So let’s pull some of these threads together. In the first post, we saw Little David ricocheting all around the house, bouncing off furniture and grandparents alike, for reasons which no one could understand. Ask him directly, and you’d draw a dud. Ask his parents, or in his case his grandparents, and they didn’t have a clue either. Ask the local doctor, i.e. me, and I wasn’t much the wiser. But I did know that this was not normal 6-year-old behaviour. That is – something was out of sync, and if I played my cards right, it was certainly possible that I could find out what.
Well, as described there, to our joint surprise, what had gone wrong with Little David was that no one had told him that his deceased mother wasn’t coming back. The harsh truth was that being dead, she couldn’t. This was the missing piece in the mental jigsaw, which triggered an entirely unexpected response. Why didn’t David work this out for himself? Why didn’t his grandparents put two and two together, and note that his uncomfortable behaviour had followed chronologically from the disappearance of his mother? The family doctor had an inkling – but that didn’t help, if he couldn’t apply it in the right place – notably deep inside David’s mind.
Three things are in play here. Something happened in David’s past, which he couldn’t tell you about – not because he didn’t want to, it was simply because he didn’t know himself. Secondly – this was a highly emotive event, which drove him to erratic, even violent, behaviour. Third – once he could think calmly about it, i.e. slow everything back down to normal thinking speed, then the central problem was solved, taking the disruptive behaviour with it.
In the second post, Alec is described as having a blackhole where his normal thinking should have been. He made very clear, when he first arrived, that he was going to kill again in prison, that nothing in his mind was going to stop him. To normal people, this showed that there was something really important missing – which is why I called it a blackhole. It didn’t mean he couldn’t think at all. It was not that his thinking apparatus had stopped working altogether – no, the rest of it was working just fine – it was the missing link that was causing all the trouble. He could function well enough, but only in the wrong direction. Just as with Little David, the outcome didn’t help. The human mind is there to make things better – here it was making things worse. And in Alec’s case, you can’t get much grimmer than serial killing.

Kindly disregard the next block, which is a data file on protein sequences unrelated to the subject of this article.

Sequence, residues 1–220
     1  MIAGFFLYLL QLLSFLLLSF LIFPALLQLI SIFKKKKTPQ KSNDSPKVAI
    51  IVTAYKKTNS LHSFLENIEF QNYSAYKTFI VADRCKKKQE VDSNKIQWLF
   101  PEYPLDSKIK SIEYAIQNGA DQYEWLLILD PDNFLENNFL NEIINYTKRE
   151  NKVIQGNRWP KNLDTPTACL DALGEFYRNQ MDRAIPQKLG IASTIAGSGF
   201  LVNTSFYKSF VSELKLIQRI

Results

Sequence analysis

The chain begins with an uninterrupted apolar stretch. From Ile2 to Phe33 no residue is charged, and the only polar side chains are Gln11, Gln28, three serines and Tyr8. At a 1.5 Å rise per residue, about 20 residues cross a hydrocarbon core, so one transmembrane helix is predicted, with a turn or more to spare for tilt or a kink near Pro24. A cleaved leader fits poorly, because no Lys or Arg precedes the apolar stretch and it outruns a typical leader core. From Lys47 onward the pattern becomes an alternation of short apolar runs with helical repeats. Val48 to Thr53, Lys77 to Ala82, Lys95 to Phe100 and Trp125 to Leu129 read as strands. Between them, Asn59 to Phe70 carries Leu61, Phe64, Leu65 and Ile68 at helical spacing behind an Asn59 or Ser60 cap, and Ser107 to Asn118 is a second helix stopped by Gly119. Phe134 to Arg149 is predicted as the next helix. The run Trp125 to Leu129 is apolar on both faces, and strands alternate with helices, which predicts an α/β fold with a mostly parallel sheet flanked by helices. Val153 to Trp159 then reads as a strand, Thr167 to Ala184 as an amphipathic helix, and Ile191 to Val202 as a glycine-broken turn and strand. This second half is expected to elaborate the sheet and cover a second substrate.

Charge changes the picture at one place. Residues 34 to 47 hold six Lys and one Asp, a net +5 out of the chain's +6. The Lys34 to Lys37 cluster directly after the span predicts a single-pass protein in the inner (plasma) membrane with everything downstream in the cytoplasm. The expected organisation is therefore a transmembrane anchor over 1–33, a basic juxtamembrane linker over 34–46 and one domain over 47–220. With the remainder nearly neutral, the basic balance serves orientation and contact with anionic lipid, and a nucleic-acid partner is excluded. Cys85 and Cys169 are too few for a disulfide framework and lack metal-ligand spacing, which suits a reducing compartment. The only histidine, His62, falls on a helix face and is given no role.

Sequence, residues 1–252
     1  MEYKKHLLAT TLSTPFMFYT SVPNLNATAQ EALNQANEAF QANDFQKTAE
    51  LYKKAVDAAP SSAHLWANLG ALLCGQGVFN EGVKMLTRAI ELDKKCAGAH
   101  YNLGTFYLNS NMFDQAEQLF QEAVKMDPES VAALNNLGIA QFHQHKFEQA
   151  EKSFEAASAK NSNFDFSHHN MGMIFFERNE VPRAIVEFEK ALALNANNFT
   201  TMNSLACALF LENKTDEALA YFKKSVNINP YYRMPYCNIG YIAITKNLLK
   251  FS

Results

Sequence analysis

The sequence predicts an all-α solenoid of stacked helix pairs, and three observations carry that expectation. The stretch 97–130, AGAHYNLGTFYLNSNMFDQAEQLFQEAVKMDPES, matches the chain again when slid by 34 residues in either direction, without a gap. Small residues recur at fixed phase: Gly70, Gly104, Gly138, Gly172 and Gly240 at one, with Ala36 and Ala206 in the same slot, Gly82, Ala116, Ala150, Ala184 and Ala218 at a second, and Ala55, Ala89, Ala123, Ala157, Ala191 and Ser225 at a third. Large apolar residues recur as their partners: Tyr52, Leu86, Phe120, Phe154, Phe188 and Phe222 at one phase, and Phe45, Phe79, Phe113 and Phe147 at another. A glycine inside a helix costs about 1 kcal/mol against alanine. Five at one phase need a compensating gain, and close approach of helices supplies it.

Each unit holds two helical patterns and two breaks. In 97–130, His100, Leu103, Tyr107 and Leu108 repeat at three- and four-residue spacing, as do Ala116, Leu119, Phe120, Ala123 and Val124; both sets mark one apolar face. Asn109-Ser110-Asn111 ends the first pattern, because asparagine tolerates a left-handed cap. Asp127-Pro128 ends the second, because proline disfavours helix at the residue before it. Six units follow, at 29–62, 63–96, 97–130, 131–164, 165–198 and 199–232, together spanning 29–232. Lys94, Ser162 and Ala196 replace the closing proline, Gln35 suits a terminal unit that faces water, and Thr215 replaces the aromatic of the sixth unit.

So sitting down with Dennis, I was still puzzling as to how to get that same Eureka moment with him, as I had done with David. And then, as suddenly, there it was. Just as David didn’t know, and therefore couldn’t say that his mother was dead; nor, with Alec, that he didn’t have to kill, in order to get through life – so with Dennis, the “thinking” problem was even simpler. Which was just as well for me – since it was so simple, it was unmistakable.
What could be simpler than saying that Dennis was a big man? Indeed, that he was a grown up – he was an adult. Who could possibly doubt it? You’d have to be half-blind not to say so. Imagine going up to this great hulk of a man, a major criminal at that, and suggesting to him that he was only a small child, not much bigger than David. You’d be mad to even think of doing any such thing.
And yet, hold on to your hat, that is precisely what Dennis thought of himself. Yes, he seriously doubted he was an adult. Hard to believe? So look at the most important dialogue in recent psychiatric practice. This is what I recorded on 11 September 1991. It’s verbatim. I’ve played the video thousands of times. It matters, because it shows a grown man unable to think realistically about himself. Worse, he thinks of himself as a small, impotent child. He obviously isn’t – but that has yet to penetrate into his full consciousness, just as the fact that David’s mother was deceased, failed to make it either. The mental blockage, the blackhole, was identical in both cases. And both were remediable by careful, trustworthy support. Watch.
Here are lines 39 to 46 from that pivotal session in September 1991. As before, more dialogue is available in the ebook How Verbal Physiotherapy works. (Or search - smashwords 892956.) ($2). In this session, I have invited Dennis to imagine his mother was in the room with us. It’s a type of role-play, which enables us to access bits of the mind that are otherwise out of bounds. Feelings and emotions that attach to that particular parental figment are thereby brought to the fore, which is where they interfere most with normal thinking – they represent the edges of the very blackhole which is the root of all the trouble. The numbering comes from the book just mentioned.